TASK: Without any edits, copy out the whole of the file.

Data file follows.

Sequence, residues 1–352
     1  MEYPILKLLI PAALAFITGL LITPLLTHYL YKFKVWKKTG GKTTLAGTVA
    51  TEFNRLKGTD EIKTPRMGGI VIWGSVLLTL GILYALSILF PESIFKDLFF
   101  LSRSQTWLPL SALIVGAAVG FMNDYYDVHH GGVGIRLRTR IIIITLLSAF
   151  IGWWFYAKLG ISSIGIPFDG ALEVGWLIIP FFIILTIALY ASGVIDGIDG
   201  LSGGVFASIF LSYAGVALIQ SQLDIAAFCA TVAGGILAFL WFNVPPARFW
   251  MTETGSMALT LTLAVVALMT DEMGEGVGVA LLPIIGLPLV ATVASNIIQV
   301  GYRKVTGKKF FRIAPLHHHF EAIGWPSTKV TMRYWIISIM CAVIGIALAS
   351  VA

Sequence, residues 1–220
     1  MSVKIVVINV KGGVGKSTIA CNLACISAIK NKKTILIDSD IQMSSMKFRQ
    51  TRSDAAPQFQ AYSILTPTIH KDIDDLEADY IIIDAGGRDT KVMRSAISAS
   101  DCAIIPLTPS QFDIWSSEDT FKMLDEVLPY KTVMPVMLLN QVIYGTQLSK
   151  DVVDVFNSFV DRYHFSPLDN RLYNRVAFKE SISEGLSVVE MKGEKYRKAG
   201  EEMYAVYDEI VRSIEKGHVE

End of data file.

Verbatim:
Sequence, residues 1–352
     1  MEYPILKLLI PAALAFITGL LITPLLTHYL YKFKVWKKTG GKTTLAGTVA
    51  TEFNRLKGTD EIKTPRMGGI VIWGSVLLTL GILYALSILF PESIFKDLFF
   101  LSRSQTWLPL SALIVGAAVG FMNDYYDVHH GGVGIRLRTR IIIITLLSAF
   151  IGWWFYAKLG ISSIGIPFDG ALEVGWLIIP FFIILTIALY ASGVIDGIDG
   201  LSGGVFASIF LSYAGVALIQ SQLDIAAFCA TVAGGILAFL WFNVPPARFW
   251  MTETGSMALT LTLAVVALMT DEMGEGVGVA LLPIIGLPLV ATVASNIIQV
   301  GYRKVTGKKF FRIAPLHHHF EAIGWPSTKV TMRYWIISIM CAVIGIALAS
   351  VA

Sequence, residues 1–220
     1  MSVKIVVINV KGGVGKSTIA CNLACISAIK NKKTILIDSD IQMSSMKFRQ
    51  TRSDAAPQFQ AYSILTPTIH KDIDDLEADY IIIDAGGRDT KVMRSAISAS
   101  DCAIIPLTPS QFDIWSSEDT FKMLDEVLPY KTVMPVMLLN QVIYGTQLSK
   151  DVVDVFNSFV DRYHFSPLDN RLYNRVAFKE SISEGLSVVE MKGEKYRKAG
   201  EEMYAVYDEI VRSIEKGHVE